In a shocking development over the euphoria over Stephen Redmond's recent achievement of the Oceans Seven challenge, the Tsugaru Strait Swimming Association has called into question whether Redmond did actually complete the historic swim.

    I had to read the comment section three times to figure out what actually happened.

    This what the story should have said:

    There are two organizations that sanction Tsugaru Channel Swims. The two organizations have slightly different rules. Stephen Redmond's crossing was sanctioned and validated by TCSA, the older of the two organizations. The newer organization, TSSA (formed only this year) does not recognize crossings sanctioned by the TCSA.

    In an bizarre move, the TSSA went to the media to suggest that Stephen Redmond's crossing was invalid. In an equally bizarre move, media outlets ran with that story.

    As to Dianne Nyad's anti-hypothermia device, it's already against the rules of every marathon swimming organization that I know of. It's not a cap, swimsuit, goggles or earplugs; therefore it can't be worn in marathon swimming. No further coordination is needed to outlaw it.

  • evmoevmo San FranciscoAdmin
    It is worth adding @Jamie's perspective to this discussion:

    http://jamiep.yardbarker.com/blog/jamiep/article/long_live_marathon_swimming/11279986

    Although he doesn't directly address the issue of (in)consistency in marathon swimming rules, I think it's fair to say his post was partly motivated by @ScottZornig's article (and the other one from last year).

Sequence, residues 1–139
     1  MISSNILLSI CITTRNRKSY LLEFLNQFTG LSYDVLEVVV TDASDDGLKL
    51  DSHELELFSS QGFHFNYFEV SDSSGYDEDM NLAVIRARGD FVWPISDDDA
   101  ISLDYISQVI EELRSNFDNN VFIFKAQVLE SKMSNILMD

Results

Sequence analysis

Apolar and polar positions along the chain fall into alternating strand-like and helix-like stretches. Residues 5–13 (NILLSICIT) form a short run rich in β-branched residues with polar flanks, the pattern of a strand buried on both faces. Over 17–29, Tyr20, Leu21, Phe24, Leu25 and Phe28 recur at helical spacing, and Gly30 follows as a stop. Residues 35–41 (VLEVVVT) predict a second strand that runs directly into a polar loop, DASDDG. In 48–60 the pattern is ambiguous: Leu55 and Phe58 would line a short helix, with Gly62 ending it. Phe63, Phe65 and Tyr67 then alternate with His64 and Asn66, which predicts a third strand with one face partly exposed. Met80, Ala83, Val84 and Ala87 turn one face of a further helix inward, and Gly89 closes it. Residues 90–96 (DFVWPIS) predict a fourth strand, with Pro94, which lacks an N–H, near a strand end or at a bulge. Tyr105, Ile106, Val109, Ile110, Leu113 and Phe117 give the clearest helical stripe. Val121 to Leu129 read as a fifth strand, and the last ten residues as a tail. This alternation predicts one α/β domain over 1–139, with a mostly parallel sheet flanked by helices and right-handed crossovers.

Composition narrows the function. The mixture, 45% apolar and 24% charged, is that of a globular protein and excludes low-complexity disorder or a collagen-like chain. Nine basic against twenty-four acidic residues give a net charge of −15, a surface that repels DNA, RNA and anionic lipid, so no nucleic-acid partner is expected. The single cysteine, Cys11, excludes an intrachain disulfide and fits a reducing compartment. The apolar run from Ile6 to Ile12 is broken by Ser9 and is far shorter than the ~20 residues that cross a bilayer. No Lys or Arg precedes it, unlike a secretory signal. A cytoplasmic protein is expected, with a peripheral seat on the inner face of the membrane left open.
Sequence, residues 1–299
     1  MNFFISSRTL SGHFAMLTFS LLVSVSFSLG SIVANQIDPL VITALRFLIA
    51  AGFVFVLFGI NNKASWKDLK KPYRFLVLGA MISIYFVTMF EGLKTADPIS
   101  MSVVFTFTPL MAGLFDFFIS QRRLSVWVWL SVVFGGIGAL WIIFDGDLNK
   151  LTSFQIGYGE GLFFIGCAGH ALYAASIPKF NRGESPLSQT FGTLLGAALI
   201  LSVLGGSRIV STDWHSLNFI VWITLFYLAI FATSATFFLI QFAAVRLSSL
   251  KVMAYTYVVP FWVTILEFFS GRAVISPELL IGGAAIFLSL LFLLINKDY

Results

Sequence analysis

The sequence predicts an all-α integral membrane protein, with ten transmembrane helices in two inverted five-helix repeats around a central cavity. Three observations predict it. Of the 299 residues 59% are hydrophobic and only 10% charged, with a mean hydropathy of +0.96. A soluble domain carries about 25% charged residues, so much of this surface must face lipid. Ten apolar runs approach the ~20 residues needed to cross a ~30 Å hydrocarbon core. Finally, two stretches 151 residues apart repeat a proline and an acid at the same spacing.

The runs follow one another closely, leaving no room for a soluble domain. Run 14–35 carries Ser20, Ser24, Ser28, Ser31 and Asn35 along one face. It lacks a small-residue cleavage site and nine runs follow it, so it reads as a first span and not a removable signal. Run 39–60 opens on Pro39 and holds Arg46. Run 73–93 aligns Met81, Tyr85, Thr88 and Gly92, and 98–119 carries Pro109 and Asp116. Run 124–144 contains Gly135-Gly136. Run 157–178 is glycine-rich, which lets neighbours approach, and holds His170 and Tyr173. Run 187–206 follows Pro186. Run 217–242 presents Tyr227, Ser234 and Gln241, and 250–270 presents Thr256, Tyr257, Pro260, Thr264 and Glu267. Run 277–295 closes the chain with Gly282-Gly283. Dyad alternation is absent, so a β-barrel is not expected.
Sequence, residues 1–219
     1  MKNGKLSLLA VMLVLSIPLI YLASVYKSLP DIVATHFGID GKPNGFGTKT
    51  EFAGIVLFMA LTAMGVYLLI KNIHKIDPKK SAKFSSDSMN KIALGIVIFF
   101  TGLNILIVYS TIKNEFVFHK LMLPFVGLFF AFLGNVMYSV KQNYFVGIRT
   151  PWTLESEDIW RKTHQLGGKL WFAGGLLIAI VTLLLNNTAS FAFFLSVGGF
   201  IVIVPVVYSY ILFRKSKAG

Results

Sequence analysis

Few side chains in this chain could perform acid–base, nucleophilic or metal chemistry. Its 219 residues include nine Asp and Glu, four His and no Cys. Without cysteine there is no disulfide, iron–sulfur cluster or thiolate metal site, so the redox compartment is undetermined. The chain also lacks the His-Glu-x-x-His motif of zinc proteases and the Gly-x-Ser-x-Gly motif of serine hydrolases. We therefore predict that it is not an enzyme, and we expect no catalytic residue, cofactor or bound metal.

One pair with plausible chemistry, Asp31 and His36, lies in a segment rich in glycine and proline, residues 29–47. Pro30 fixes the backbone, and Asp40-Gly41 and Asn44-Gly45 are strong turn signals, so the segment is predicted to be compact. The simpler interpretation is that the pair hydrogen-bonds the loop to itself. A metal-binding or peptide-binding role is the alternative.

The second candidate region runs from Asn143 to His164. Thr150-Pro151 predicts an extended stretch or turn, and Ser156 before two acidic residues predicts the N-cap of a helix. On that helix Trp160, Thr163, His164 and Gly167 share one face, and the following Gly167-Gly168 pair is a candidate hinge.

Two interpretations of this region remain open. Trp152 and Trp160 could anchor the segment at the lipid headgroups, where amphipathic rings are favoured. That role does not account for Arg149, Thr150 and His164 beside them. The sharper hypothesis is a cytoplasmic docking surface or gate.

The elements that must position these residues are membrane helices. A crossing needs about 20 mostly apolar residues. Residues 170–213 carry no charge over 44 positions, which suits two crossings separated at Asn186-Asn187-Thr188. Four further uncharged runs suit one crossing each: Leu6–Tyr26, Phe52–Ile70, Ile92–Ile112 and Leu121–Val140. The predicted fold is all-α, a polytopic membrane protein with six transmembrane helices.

• HaydnHaydn Member
    edited July 2012
    The problem is not unique to swimming. Freediving has similar issues. Particularly where AIDA (the governing body) are not involved with the competitions. Some years back, I set a UK National record in Dynamic Apnea at an International competition in Switzerland. The winner set a new world record. The event (previously organised by AIDA) was not sanctioned that particular year due to politics between officials. However, all the same rules and protocols were followed. Both records went unsanctioned.

    The facts remain, the records were set, but neither 'counted'. Rather than arguing, I went to another International competition (organised by AIDA) a couple weeks later. I won the event and beat my previous un sanctioned distance. I was only then officially declared the UK record holder.

    Sometimes the rules are the problem. Usually its internal bickering between two associations.

    Much like the CSA and the new interlopers CS&PF. I believe at the time, it was all about the pilot boat owners wanting more power and control over the work coming their way via the CSA (at over £2,000 at time, who wouldn't). Therefore allowing Channel Crossings under any number of different rules you choose, could now be undertaken by the CS&PF. A total anathema to the CSA, who wanted the swims to remain pure and would not entertain recognising 'other' crossings.

    So we have two organisations.

    As a swimmer currently training for one more Channel swim (a swan song?) next year, I now have to make a choice between organisations. Assuming a successful swim, I get robbed if only one organisation accepts the swim as valid.